One last chart: this shows the number of times each streamer achieved a top 24 performance. The left side of the chart before the break is comprised of the drafted streamers. The right half shows the un-drafted streamers, ordered left to right by when their first top 24 performance occurred. Unsurprisingly, if you are looking for a consistent, year-long starter, they are either drafted by you or identified immediately. That being side, options like Devontae Booker, D’Onta Foreman, Sony Michel and Rashad Penny are exceptions. Each was able to produce consistent production for a finite window in time in the mid or late season.


This data should be taken as more descriptive than anything else. It is not to say that streaming running backs is an optimal approach or perpetually repeatable with success. However, it does suggest to us that we can unlock a legitimate ceiling with streaming options, and it is possible to find stable options both in late rounds and on waivers. As well, we can glean some inferences from last year’s successful picks. The following options had at least five top 24 performances:

Ideal Running Back Scenarios

The majority of these running backs possess the size required of a three down back, and other than Mitchell, was able to combine a rushing and receiving role. Aside from Booker and Patterson, each was in a potent offensive environment. Three of these backs emerged as the leads from ambiguous backfields, while four others directly gained their relevance from injury. Pollard was the exception who was able to carve out a standalone role as a secondary back.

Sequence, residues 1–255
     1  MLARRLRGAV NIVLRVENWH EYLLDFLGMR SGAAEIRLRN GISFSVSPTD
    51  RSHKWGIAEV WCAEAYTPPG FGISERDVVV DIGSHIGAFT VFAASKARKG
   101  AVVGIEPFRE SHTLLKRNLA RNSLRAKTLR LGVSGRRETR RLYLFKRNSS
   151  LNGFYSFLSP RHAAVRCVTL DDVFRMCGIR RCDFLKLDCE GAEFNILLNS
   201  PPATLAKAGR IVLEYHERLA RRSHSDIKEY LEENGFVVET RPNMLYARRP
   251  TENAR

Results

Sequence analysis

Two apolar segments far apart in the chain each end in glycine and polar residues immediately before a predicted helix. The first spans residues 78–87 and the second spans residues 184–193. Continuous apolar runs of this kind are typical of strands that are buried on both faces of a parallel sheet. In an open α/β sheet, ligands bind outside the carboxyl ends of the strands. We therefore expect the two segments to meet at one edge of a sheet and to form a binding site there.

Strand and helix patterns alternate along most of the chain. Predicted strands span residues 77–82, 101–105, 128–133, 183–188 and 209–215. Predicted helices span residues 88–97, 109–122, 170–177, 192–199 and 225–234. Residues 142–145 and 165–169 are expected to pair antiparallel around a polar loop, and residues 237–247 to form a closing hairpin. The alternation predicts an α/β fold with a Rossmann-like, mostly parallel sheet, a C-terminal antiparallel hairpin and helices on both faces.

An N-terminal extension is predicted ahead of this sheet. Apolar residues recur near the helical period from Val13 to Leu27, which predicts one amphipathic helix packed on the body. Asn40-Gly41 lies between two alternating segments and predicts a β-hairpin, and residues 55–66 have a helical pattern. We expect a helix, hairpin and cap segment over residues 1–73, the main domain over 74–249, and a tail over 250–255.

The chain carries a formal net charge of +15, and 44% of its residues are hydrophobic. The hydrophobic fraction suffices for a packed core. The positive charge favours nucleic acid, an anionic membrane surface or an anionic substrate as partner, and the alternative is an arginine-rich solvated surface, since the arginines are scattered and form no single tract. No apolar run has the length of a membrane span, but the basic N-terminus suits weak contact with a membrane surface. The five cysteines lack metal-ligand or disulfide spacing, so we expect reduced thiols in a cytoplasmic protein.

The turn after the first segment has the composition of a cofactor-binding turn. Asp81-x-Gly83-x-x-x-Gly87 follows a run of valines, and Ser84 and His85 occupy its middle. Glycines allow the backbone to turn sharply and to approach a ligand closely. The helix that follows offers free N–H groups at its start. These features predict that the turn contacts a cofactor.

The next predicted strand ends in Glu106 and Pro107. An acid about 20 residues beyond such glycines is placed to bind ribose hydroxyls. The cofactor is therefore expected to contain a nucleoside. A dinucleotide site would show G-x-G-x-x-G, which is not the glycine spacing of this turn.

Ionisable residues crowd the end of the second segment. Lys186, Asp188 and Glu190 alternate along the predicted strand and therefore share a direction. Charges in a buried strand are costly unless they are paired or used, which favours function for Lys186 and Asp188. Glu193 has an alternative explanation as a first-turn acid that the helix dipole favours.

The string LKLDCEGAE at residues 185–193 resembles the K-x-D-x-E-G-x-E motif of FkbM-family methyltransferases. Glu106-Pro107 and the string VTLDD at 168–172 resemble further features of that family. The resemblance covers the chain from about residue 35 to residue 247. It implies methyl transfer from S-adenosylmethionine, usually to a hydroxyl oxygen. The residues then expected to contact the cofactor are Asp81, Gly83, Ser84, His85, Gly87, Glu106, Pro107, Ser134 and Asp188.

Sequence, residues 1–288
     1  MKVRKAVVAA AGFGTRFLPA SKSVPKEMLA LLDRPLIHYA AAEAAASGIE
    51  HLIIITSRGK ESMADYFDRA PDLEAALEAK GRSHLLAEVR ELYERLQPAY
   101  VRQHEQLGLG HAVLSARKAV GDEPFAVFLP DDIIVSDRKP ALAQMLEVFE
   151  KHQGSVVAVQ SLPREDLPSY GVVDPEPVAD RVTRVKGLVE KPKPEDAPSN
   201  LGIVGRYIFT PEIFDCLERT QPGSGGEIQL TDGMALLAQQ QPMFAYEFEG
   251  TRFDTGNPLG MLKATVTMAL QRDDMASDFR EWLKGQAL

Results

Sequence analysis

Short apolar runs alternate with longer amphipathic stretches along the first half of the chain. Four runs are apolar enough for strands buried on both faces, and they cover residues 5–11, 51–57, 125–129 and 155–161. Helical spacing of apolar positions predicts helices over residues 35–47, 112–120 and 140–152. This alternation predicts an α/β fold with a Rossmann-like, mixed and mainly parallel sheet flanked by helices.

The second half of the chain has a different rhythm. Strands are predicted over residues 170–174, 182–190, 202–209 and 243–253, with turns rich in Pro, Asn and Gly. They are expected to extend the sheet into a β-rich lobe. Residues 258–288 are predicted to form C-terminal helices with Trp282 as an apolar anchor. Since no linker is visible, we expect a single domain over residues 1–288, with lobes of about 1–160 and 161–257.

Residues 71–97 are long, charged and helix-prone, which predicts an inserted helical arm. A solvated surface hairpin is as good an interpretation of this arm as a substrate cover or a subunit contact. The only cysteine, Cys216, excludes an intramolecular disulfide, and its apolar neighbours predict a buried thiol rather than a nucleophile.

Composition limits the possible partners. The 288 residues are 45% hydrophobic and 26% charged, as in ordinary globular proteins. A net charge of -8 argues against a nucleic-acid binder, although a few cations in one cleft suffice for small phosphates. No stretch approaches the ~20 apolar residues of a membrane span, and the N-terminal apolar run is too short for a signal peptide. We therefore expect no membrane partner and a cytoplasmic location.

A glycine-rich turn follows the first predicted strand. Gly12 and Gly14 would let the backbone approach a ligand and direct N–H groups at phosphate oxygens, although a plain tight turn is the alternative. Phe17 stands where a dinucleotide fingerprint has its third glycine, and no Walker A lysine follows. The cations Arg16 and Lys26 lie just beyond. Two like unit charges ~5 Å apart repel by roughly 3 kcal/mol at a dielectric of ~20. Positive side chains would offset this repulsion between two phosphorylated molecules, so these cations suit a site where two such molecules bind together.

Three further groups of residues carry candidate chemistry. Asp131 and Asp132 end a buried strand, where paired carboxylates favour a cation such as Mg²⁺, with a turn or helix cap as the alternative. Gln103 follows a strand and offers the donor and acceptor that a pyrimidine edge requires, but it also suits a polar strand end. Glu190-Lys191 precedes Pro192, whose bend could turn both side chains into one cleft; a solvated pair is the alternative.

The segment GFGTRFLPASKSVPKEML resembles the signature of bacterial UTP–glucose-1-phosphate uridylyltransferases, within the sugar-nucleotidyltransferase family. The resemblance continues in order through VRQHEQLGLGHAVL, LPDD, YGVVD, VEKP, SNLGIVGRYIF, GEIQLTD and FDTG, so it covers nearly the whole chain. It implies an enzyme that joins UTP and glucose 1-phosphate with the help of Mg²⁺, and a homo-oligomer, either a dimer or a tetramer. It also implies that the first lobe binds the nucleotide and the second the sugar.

Looking forward, I am prioritizing rushers from strong offensive environments for running back production with a viable path to work in all phases. Depending on the part of the draft, I am open to either ambiguous backfields or pure handcuffs, but am avoiding drafting an abundance of pure satellite backs.

With that, let’s get into the specifics of the streaming project moving forward.

The Parameters

It is impossible to replicate in this article the actual decisions we have to make on our individual rosters, where our options comprise of the specific running backs we drafted, and the options on our individual waiver wire. For that reason, my hope is the commentary – on players, archetypes, and strategy – is the most universally applicable portion of the series. 

However, to add in a level of accountability to the process, and for the fun of playing along, I want to establish ground rules for which I will select our hitchhikers each week. 

Each week (after week one) I will discuss up to nine total running backs, often less depending on the week; three options in each category, with a preferred play for each. I will then take the average of my preferred plays in each category, with my official “rostered running back” counting double.